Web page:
Sound on Sound also has a long-running regular feature “Studio SoS” where they go on location to a reader’s studio and do a proper acoustic treatment, detailing some of the unique problems they encountered along the way and the solutions they found, for example…
Room correction takes an opposite approach to acoustic treatment, and in fact the two approaches are complementary and can (should) be used together. Instead of trying to absorb unwanted frequencies by adding foam traps, absorber panels, etc., with a room correction system you analyze the frequency response in your room using a microphone and test tones, and then the system introduces some kind of filter to give you a flatter, “truer” frequency response. By using room correction while working on your tracks, you should be able to come up with final mixes that will sound more consistent on different sound systems.
Although there are differences between manufacturers, they generally follow the same process:
1. Measure the frequency response of the room over a spread of different locations using a reference microphone and audio test tones.
2. Analyze the frequency response of the room and create a correction filter to compensate and bring the final output closer to a flat response.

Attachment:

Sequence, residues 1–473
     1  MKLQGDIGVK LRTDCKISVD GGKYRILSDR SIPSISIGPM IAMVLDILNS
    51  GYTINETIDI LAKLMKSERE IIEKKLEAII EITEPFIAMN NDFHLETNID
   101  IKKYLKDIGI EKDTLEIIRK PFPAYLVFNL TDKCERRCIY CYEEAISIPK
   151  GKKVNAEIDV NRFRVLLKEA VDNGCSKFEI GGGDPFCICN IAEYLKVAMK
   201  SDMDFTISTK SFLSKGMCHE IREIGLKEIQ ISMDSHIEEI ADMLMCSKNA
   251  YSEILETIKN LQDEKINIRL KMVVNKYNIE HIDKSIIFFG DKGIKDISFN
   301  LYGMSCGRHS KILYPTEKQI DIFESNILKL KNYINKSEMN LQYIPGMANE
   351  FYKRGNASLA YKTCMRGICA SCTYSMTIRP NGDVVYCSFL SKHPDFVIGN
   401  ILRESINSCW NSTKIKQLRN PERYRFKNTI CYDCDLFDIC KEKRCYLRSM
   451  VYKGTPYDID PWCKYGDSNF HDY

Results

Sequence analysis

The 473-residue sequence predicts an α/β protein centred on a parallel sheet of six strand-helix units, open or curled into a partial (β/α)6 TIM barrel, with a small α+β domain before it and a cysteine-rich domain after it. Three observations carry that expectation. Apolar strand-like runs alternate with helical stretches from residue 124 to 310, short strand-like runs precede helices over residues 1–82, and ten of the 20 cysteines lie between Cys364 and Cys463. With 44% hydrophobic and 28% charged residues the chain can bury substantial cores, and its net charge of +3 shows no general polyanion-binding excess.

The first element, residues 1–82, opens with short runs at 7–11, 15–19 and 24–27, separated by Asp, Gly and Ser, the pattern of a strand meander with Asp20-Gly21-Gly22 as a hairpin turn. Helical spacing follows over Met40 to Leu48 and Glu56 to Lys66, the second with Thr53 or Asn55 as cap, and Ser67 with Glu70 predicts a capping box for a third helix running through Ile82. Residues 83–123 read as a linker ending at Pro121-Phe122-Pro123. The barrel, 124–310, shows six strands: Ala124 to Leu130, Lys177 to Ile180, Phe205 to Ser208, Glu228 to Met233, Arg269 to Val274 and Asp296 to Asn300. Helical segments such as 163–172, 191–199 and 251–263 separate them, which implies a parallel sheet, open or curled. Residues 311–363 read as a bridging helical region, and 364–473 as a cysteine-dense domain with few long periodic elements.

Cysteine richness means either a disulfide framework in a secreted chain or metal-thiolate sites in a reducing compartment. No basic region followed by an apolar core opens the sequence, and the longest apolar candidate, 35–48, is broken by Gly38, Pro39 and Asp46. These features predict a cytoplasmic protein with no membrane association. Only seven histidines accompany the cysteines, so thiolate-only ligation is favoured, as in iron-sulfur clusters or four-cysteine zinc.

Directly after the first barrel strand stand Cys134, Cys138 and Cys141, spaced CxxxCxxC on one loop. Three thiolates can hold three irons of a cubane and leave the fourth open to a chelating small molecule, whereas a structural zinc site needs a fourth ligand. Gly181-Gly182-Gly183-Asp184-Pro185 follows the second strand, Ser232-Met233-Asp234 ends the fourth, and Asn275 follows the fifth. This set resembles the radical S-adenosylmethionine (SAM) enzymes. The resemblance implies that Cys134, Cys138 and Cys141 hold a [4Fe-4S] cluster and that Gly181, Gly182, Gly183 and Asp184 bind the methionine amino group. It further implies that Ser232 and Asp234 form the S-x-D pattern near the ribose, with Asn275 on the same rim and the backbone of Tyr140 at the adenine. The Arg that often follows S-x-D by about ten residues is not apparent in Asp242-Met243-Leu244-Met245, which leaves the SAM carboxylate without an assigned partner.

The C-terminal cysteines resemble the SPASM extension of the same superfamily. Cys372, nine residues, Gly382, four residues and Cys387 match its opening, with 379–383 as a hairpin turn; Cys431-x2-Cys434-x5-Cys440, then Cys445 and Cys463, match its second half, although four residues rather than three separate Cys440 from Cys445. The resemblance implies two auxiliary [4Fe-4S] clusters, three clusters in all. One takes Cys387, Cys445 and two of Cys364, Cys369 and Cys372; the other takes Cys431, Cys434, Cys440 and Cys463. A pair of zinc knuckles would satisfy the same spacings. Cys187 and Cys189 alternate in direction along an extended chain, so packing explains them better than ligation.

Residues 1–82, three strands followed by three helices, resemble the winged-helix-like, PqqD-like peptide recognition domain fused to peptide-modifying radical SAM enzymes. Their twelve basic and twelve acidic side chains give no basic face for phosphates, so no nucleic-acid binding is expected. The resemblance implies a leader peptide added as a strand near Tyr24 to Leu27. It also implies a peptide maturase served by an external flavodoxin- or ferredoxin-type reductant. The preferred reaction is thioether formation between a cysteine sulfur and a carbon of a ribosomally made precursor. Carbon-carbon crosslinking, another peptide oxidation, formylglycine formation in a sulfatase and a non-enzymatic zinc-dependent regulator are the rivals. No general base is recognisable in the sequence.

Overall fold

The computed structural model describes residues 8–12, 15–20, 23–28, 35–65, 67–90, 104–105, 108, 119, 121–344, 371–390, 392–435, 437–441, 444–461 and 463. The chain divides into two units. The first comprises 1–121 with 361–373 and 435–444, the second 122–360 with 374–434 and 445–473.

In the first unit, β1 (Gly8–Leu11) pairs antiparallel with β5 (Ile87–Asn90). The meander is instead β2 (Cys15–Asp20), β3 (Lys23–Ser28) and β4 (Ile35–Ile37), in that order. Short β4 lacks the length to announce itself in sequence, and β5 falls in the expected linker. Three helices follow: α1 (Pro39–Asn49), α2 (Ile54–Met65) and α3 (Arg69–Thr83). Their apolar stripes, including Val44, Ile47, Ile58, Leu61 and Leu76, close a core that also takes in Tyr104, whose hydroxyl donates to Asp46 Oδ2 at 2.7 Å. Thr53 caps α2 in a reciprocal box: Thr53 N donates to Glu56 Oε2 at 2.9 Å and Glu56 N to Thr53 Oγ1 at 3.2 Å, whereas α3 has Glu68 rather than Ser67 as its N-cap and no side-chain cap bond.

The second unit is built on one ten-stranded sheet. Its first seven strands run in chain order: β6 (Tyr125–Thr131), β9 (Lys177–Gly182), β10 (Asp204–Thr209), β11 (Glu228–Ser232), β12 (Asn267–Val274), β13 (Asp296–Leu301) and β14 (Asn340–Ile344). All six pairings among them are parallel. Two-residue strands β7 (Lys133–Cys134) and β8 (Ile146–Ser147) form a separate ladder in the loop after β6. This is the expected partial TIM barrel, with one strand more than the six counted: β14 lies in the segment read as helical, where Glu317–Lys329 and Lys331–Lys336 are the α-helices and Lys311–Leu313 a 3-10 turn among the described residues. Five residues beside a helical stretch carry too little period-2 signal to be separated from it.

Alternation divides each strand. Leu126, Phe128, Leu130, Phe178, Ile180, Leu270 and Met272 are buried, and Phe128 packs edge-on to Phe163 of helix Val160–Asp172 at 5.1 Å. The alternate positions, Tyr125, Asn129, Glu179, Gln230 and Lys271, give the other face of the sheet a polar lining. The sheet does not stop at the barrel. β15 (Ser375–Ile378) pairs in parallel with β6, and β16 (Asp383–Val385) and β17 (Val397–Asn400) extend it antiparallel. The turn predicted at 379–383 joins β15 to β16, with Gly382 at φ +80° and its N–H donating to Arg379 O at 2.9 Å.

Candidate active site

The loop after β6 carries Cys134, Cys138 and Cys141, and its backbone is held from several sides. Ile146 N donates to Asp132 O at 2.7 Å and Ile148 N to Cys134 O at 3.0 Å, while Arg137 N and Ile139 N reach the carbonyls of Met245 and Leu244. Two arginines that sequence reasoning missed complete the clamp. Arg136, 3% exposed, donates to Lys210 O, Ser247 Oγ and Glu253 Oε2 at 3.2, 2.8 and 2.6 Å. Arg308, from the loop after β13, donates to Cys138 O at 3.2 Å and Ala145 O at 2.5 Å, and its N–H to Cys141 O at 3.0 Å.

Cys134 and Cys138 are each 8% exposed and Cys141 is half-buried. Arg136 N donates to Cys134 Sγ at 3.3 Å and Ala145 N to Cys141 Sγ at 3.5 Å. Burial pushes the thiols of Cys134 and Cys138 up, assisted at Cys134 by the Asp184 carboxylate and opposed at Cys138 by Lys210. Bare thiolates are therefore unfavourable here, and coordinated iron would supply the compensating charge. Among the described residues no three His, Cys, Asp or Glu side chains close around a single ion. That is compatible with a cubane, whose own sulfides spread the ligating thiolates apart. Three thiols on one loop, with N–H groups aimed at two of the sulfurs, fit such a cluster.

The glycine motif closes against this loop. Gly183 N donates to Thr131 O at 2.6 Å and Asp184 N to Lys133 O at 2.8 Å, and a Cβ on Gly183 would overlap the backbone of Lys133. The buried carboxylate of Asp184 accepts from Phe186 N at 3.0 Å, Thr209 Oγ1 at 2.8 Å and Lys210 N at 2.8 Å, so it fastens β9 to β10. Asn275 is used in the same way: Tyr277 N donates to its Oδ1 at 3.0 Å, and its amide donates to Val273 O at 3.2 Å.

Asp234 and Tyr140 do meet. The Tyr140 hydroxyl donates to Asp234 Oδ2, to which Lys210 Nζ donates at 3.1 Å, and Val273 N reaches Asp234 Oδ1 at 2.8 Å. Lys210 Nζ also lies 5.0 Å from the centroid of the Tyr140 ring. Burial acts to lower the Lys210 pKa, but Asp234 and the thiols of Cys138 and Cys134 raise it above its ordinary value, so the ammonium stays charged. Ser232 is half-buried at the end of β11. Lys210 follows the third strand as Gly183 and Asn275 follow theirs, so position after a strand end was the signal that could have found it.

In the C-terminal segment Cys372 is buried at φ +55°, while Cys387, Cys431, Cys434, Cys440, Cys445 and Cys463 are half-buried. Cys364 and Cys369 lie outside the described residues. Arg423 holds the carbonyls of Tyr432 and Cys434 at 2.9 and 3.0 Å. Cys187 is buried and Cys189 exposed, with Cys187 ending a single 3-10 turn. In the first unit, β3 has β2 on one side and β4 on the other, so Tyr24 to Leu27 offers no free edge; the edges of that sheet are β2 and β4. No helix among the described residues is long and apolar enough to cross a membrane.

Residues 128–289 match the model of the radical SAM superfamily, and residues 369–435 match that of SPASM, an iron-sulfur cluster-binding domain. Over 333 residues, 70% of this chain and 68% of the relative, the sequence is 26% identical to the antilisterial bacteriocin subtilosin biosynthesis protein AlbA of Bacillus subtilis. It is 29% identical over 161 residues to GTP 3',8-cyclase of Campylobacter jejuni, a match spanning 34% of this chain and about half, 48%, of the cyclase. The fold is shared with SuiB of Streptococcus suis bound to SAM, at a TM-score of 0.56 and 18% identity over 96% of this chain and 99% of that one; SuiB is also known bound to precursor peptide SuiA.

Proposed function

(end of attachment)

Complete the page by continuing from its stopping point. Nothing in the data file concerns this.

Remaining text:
3. Apply the correction filter to the playback signal while mixing.
You can see that in step one, you will need to make audio measurements at a number of different locations. This is because the frequency response you hear in any room is dramatically affected simply by moving a small distance in any direction. (You probably already know that the bass sounds a lot louder in some parts of your room than others, this is what we’re talking about here.)
For a home/project studio, generally you want to optimize the sound at the sweet spot between the speakers where you sit while you mix, and you’ll do your measurements around this spot in some kind of pattern. The manual for IK Multimedia’s ARC software includes a diagram showing where you should make your measurements. The circled number 1 indicates your ideal listening position, you measure this first and then proceed in a symmetrical pattern around it: